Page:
By choosing to draw his cast from mostly corrupt non-heroes, Aaron is forced to explore the human complexity at the core of the inhuman criminality. We learn how the past influences the present through the secondary inhabitants of the rez: Diesel, the white boy trying to pass for Kikapoo; Officer Falls Down, the one un-bribable cop around; Dino Poor Bear, the kid who dreams of escaping the pervasive poverty; Baily Nitz, the FBI agent bitterly settling an ages old score; Catcher, a Rhodes Scholar/ alcoholic burnt-out who believes he gets messages from the Thunder Beings.

Dashiell is the familiar all-Native-American hero: ready to get violent on the quest for justice. Much more complex is the Big Bad, Lincoln Red Crow, a former Red Power idealist who traded integrity for success, wealth and power- all variables subject to the machinations of the higher-ups in the Tribal Council and rival gangsters.

Look past the grit and the deliberate ugliness of R, M. Guera’s work (best described as “Impressionistic Carnage”), this is a graphic novel of intense humanity, perhaps the most ambitious Native-American epic in modern pop culture, and even comparable to Sherman Alexie’s work in its unflinching understanding of the cultural dilemma of the Native American: The ultimate disenfranchised minority in its own native nation.

If you want the biggest representation fail in American culture, reflect on this. When you ask the average person what their favorite Native American actor or actresses are, they’ll stare blankly for a moment. After some deep thought, they’ll summon something like: “That one guy from ‘Longmire.’? Lou Diamond Phillips! Yeah, him!”

Lou Diamond Phillips is a Filipino-American.



Does This Have Enough Ls? : Daniel Clowes – “Lloyd Llewellyn”

“Eightball” would be Daniel Clowes’ first real achievement, with cynical shorts like “Art School Confidential” and “Devil Doll” padding the serialization of “Ghostworld” and “Like a Velvet Glove Cast in Iron.” “David Boring” would be the on-its-own breakthrough, and the first graphic novel I read that truly impacted me in subtler, novelistic ways. (“Maus,” after all, was non-fiction; subtlety is not among the many attributes of “Watchmen.”)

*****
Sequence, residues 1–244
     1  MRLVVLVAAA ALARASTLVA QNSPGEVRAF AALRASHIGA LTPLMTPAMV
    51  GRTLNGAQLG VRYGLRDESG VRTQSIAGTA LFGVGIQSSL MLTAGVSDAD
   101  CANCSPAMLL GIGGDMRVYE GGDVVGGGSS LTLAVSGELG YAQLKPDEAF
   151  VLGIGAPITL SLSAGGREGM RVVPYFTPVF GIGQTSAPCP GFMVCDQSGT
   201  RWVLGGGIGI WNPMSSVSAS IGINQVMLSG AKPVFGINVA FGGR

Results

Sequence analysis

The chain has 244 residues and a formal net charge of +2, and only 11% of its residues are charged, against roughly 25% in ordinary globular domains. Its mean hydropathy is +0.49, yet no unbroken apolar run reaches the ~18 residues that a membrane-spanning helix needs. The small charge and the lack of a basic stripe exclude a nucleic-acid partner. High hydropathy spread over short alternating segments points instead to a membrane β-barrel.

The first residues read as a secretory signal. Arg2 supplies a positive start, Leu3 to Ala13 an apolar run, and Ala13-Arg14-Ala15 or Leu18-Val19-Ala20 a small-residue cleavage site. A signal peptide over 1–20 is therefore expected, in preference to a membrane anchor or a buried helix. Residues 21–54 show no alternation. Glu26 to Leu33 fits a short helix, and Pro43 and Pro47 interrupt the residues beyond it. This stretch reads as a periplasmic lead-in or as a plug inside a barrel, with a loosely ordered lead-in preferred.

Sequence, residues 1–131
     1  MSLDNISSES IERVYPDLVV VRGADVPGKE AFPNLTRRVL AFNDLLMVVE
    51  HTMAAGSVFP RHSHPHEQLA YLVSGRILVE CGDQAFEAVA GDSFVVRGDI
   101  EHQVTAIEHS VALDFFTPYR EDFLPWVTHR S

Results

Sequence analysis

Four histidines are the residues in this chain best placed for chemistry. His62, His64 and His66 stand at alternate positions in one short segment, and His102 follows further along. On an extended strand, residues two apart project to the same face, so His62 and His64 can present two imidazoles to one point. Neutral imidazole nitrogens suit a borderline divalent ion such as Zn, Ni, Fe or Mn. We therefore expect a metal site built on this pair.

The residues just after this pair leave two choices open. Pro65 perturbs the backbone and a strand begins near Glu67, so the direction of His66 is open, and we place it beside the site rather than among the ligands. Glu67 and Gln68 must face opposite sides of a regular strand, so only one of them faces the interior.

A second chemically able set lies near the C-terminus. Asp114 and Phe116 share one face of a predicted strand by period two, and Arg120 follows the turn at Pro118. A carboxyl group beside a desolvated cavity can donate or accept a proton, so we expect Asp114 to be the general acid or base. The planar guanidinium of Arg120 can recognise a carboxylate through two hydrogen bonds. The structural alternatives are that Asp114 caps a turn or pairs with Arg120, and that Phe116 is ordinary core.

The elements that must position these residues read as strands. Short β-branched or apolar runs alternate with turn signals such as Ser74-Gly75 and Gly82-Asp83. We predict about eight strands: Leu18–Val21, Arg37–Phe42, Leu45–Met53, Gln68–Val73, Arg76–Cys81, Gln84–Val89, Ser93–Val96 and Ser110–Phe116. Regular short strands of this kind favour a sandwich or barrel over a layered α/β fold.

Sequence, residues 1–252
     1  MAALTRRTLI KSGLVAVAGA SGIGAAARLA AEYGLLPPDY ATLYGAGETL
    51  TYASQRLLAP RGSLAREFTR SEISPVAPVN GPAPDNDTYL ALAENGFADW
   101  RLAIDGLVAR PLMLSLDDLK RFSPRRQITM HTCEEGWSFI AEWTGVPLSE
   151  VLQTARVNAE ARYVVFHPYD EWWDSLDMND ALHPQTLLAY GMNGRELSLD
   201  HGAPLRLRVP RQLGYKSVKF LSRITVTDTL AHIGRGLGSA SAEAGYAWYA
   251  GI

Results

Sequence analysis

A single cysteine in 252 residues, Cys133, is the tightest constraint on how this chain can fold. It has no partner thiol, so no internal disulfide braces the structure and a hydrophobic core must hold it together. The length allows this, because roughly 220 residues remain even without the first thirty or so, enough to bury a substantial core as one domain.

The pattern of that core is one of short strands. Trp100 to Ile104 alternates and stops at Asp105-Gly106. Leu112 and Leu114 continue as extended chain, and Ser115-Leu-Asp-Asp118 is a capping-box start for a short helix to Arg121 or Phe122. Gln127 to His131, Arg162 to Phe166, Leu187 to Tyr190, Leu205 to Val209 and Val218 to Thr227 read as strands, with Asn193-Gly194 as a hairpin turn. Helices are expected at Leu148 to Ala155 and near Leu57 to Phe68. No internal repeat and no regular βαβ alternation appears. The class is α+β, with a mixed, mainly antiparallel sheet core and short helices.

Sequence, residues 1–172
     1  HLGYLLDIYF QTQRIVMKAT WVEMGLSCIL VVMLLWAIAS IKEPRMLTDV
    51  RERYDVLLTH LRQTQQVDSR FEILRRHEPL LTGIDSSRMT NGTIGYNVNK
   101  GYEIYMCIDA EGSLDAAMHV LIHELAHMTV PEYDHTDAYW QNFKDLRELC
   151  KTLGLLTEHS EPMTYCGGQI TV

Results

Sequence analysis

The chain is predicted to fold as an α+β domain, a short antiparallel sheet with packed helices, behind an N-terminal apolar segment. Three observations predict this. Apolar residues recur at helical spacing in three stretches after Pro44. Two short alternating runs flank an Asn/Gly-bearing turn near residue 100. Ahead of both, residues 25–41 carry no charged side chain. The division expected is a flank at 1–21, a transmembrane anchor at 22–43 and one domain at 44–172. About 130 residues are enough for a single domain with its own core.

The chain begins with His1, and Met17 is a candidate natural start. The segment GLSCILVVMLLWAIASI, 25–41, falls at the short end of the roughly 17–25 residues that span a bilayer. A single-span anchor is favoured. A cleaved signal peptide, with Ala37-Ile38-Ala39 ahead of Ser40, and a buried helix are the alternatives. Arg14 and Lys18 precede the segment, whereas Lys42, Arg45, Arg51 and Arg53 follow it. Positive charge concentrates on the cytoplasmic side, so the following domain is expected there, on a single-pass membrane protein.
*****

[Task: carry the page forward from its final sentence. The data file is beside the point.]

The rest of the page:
But before “Eightball” and “David Boring,” before becoming one of the most important graphic novelists of our time, Clowes had some doodling to do for Fantagraphics, and “Lloyd Llewellyn” was his first experimental comic, a Mad-Magazine-influenced send-up of everything 50s:

Greasers! Hepcats! Squares!  Flailing Robots! Barflies! B-Movie Space Punks! Everything to which exclamation points can be appended!

An average Lloyd Llewellyn detective tale starts much like a Lew Archer noir; but soon, Lloyd gives up all pretense at detection and devotes himself to keeping a straight face amid the increasingly surreal twists. Of course, straight faces are easy to keep when you’re this simply drawn. When Lloyd Llewellyn resurfaced in early issues of “20th Century Eightball,” the drawing technique was about 200 times better, and the lounge-noir gimmick was so gone that a “Lloyd Llewellyn Adventure” could simply involve vitriolic ranting. (I love when misanthropy is unleashed, as it is in Clowes’ classic “I Hate You Deeply” or in Ivan Brunetti’s ‘Schizo.’)

“If you aren’t either a) exactly like me only a little worse at everything, or b) a pathetic yes-man to my every changing values and shallow opinions, I HATE YOU DEEPLY!”

RATING: GOOD ENOUGH; the best was yet to come.

Fairy Tale Endings : Emily Carroll – “Through the Woods”

Image result for through the woods emily carroll

Horror is learned early. I can’t think of many fairy tales that aren’t horrifying in premise, if not in effect. The world is presented to children as an open jaw. Emily Carroll’s “Through the Woods” collects five fairy tales of gothic peril that are beautifully painted and colored. Included are “His Face All Red,” “Our Neighbor’s House,” “A Lady’s Hands are Cold,” “My Friend Janna,” and “The Nesting Place.”